Submitted to: Safepork
Publication Type: Proceedings
Publication Acceptance Date: August 18, 2003
Publication Date: October 1, 2003
Citation: Harvey, R.B., Genovese, K.J., Anderson, R.C., Nisbet, D.J. 2003. Mixed culture of commensal bacteria reduces E. coli in nursery pigs. Proceedings of 5th International Symposium on the Epidemiology and Control of Foodborne Pathogens in Pork (SafePork '03). p. 151-153. Interpretive Summary: Recently weaned pigs can be infected with disease-causing strains of E. coli bacteria, become ill, and die. The swine industry loses millions of dollars annually to this disease. In a series of field trials, we showed that a culture of beneficial bacteria designated RPCF was able to protect pigs from disease and death associated with E. coli. Although experimental, if RPCF becomes commercially available, it could be an alternative to antibiotics to control E. coli in weaned pigs and could be of major economic benefit to the swine industry.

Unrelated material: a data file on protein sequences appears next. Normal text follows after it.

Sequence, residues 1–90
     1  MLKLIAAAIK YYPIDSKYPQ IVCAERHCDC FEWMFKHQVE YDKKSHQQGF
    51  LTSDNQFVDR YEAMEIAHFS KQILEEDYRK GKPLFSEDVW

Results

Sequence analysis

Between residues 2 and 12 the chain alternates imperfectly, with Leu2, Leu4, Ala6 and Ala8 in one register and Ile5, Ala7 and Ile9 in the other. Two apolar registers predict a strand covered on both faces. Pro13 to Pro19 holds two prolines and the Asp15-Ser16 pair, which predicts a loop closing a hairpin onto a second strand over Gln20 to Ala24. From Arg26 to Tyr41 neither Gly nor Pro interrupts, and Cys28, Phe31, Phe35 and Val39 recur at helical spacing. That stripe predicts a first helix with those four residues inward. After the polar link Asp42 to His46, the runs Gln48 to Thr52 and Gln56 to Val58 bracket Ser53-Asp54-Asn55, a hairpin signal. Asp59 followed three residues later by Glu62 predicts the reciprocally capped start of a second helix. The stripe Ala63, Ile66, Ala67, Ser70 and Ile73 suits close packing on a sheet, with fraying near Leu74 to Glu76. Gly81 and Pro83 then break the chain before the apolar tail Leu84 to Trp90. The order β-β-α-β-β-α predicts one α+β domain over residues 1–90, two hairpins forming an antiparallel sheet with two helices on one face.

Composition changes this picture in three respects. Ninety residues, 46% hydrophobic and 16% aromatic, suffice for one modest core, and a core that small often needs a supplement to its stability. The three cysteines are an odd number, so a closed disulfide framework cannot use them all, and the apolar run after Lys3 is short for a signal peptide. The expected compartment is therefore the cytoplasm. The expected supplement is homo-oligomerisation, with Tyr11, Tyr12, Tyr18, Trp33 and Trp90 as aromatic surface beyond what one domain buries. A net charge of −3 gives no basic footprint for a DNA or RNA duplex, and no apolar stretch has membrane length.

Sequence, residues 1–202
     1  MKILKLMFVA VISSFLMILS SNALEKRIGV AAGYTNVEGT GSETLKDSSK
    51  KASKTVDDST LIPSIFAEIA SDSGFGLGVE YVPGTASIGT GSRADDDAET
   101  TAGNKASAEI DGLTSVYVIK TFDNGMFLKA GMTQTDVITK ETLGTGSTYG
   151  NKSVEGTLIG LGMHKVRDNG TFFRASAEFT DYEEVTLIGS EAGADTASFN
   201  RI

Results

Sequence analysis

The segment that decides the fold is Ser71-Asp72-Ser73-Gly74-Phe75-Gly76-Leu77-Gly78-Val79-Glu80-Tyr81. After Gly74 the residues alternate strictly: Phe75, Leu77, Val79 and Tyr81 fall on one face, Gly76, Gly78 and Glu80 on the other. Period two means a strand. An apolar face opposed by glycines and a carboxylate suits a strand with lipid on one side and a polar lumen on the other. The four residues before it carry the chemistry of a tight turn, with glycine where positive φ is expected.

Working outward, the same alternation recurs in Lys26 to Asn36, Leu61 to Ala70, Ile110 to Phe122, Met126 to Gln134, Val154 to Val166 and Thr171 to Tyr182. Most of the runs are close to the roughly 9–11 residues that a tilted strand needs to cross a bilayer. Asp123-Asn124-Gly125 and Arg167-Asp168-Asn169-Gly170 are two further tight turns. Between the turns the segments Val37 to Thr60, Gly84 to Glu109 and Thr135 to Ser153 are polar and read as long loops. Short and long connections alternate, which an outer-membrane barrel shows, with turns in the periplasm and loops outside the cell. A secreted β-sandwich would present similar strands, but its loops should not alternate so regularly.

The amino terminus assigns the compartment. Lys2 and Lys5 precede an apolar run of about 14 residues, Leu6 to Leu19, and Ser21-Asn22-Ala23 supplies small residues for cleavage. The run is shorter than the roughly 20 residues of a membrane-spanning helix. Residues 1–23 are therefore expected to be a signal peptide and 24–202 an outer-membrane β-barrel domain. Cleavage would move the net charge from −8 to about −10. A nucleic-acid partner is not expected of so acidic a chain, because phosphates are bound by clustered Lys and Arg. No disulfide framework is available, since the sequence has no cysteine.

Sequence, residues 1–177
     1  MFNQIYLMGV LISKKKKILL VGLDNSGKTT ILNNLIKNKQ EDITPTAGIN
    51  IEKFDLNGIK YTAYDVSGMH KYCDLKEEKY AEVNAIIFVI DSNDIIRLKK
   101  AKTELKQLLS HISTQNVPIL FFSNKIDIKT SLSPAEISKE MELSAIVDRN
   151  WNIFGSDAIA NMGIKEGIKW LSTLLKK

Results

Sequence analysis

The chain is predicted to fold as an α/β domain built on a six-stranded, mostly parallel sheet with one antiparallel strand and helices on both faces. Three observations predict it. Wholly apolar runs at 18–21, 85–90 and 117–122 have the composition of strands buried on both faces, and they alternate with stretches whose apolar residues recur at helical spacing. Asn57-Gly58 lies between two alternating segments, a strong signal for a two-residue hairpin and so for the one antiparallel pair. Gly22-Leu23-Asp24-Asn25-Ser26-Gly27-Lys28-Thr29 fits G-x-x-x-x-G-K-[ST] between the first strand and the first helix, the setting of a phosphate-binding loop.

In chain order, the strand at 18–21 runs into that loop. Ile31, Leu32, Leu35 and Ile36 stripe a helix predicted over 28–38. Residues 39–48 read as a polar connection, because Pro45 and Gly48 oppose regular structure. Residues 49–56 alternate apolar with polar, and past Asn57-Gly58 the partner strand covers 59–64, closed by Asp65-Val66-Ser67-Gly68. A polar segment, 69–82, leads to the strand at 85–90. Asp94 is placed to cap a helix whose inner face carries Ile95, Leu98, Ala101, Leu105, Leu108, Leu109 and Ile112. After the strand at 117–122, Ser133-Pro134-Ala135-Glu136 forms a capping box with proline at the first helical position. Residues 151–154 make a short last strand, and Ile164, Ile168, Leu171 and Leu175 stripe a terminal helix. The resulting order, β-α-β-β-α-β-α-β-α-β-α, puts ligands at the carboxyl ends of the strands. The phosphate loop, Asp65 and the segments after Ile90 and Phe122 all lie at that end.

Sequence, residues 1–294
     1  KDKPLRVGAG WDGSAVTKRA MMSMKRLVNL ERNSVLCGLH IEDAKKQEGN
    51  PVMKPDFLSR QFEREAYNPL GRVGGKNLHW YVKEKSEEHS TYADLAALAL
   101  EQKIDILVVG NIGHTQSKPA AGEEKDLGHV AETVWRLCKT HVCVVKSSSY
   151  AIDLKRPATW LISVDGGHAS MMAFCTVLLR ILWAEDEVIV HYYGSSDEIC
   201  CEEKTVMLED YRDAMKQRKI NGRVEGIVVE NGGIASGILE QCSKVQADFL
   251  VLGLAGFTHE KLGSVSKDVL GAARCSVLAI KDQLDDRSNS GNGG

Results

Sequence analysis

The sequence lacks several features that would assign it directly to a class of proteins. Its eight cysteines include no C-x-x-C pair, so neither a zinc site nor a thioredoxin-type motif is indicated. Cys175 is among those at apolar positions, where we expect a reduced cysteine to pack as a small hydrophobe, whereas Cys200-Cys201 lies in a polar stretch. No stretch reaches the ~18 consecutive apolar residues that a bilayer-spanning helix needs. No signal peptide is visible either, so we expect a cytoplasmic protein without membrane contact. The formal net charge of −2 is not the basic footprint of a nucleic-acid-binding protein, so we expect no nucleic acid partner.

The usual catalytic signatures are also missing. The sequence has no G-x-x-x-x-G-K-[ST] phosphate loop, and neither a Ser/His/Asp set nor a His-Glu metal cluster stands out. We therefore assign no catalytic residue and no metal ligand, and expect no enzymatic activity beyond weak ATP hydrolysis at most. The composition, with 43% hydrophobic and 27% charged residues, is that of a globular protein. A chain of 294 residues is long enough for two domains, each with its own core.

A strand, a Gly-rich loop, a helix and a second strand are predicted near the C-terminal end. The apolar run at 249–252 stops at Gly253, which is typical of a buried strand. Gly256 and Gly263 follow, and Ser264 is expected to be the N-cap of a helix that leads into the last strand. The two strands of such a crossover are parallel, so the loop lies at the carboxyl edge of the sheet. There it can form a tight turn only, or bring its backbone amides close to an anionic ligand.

Technical Abstract: The purpose of the present study was to use field trials to evaluate the efficacy of a porcine-derived, defined culture (RPCF) of commensal bacteria for prevention of clinical disease from enterotoxigenic strains of Escherichia coli in weaned pigs. Neonates (< 24 h old) were orally administered RPCF and were monitored throughout the post-weaning nursery period on five geographically separated farms. The farms had a history of high mortality from F-18 strains of E. coli. RPCF-treated pigs had reduced mortality, morbidity, and medication costs from E. coli compared to untreated pigs. Although experimental, RPCF may become an effective control procedure for enterotoxigenic E. coli.